A company’s ability and commitment to include en­vironmental, social, and governance (ESG) factors in its strategy becomes more and more important to investors, consumers, policy makers, civil socie­ty organizations and other stakeholders. There is a funda­mental societal shift towards sustainability and responsi­bility. Managers are held accountable for ESG compliance. While environmental and governance aspects have always been key criteria, social sustainability criteria such as di­versity and inclusion, human rights, health and safety at work and equal employment opportunities for minorities have become a focal point only more recently. Many com­panies still have a rather vague understanding of what ESG actually means and how ESG criteria can be ad­dressed by a company’s compliance organization. At the same time, disclosure and reporting obligations make a company’s approach to ESG very transparent for both in­ternal and external stakeholders, so looking into this topic behind closed doors is no longer an option.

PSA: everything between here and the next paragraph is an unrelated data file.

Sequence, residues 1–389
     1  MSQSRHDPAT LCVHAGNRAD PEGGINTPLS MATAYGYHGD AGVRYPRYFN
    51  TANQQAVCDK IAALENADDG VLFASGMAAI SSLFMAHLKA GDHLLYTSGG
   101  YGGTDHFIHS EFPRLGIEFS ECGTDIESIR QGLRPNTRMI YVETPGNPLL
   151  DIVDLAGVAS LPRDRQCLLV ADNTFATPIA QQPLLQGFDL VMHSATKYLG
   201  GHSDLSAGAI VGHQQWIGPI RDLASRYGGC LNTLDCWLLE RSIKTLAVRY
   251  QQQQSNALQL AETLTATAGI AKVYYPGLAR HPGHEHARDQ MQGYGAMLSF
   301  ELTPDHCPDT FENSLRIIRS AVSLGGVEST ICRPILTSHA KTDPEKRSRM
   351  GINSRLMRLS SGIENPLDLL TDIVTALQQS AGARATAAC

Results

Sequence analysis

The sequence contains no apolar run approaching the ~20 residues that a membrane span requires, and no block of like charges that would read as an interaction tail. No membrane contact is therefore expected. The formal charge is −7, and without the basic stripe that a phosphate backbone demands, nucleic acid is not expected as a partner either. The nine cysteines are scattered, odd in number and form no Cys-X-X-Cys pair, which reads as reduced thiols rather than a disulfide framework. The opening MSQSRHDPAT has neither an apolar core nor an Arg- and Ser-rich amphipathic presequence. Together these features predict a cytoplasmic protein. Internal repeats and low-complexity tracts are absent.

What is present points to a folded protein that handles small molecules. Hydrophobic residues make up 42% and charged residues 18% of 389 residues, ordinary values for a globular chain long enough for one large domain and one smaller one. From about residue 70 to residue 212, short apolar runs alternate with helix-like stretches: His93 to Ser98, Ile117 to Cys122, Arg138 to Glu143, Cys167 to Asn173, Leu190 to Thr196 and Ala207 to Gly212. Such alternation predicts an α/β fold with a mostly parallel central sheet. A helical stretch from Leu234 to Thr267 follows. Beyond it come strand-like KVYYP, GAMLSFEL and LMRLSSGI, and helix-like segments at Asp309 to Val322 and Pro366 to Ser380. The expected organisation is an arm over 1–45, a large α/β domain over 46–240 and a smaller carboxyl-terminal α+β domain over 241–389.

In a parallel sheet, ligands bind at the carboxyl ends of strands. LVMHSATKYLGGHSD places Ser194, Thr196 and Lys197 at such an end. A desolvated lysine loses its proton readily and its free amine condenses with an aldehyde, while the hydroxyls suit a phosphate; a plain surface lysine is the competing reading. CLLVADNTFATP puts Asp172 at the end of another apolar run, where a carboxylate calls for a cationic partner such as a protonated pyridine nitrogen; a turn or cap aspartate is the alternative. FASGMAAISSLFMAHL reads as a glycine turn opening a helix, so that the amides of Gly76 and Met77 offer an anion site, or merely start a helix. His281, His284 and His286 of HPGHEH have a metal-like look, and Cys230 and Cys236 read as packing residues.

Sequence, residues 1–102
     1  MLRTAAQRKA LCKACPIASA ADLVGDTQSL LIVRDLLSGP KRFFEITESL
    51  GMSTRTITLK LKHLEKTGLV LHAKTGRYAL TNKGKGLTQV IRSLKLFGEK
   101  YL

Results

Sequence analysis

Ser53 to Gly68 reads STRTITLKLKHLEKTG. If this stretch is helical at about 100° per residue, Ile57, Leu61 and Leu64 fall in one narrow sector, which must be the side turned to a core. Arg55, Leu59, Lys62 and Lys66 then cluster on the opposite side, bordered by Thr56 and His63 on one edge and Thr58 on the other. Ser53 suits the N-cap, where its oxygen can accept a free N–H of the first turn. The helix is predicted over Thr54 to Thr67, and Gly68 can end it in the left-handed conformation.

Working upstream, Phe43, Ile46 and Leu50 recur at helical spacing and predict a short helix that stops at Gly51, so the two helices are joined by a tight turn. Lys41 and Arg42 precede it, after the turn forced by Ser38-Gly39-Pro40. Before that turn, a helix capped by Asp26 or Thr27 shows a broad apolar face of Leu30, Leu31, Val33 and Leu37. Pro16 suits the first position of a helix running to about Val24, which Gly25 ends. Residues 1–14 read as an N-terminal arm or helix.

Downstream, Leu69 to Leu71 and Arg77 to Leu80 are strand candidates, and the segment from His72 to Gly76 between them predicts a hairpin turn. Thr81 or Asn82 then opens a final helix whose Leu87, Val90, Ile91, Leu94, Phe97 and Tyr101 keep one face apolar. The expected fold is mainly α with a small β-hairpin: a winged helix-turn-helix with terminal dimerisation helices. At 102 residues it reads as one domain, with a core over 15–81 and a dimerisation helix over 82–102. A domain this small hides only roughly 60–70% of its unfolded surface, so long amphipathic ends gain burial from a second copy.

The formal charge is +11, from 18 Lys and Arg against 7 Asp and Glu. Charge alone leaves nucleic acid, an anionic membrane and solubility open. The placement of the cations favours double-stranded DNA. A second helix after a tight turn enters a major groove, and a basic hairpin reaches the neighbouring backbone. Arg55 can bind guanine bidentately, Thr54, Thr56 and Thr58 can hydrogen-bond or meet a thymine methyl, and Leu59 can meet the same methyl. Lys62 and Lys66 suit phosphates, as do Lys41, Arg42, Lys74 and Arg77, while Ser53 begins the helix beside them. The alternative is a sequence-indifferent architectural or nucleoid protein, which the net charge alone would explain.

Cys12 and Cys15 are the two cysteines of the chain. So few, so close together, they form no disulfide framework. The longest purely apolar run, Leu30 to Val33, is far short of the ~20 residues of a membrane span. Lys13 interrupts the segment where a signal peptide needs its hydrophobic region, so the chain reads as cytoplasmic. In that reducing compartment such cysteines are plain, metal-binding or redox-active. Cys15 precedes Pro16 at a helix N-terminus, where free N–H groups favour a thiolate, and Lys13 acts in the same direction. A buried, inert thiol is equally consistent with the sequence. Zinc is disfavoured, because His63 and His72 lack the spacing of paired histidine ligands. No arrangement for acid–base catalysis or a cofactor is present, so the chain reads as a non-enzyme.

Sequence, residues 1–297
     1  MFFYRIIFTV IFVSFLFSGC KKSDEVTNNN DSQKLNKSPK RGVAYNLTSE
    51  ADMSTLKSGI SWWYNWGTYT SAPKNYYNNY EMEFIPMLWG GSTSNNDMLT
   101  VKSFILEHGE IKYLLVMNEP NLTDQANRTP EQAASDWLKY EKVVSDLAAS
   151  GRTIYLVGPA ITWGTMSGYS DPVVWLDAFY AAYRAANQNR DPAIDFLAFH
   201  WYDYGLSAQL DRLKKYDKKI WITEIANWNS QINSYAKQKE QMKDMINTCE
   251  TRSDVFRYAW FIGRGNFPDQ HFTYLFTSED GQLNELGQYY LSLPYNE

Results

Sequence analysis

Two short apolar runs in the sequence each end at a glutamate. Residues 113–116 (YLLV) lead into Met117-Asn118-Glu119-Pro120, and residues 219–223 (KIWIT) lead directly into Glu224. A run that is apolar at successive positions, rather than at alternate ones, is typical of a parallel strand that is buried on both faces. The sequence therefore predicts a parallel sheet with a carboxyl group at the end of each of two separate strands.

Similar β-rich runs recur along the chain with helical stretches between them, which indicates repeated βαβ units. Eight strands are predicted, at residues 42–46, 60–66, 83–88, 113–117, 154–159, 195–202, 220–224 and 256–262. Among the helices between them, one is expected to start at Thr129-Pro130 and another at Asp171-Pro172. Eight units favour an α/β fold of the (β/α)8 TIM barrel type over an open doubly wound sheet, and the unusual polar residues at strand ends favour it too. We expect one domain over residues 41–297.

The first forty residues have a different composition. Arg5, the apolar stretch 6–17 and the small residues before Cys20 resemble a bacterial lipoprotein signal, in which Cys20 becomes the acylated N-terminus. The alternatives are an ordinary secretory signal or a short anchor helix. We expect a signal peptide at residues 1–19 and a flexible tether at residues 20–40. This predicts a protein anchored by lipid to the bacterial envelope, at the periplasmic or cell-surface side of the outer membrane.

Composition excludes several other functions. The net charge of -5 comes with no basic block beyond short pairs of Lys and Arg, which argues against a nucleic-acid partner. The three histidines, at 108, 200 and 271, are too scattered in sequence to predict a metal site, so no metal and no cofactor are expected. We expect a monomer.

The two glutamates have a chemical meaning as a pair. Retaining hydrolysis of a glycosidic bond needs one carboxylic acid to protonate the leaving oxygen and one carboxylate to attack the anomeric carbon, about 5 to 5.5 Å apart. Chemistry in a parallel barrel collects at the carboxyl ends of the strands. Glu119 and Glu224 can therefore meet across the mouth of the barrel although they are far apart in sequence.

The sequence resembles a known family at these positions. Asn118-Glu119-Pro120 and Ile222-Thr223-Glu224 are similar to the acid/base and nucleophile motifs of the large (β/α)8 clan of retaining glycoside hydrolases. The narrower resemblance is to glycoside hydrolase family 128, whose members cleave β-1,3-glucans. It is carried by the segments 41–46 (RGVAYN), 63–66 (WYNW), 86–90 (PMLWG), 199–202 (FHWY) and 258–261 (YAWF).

Read more in our article in Labor Law Magazine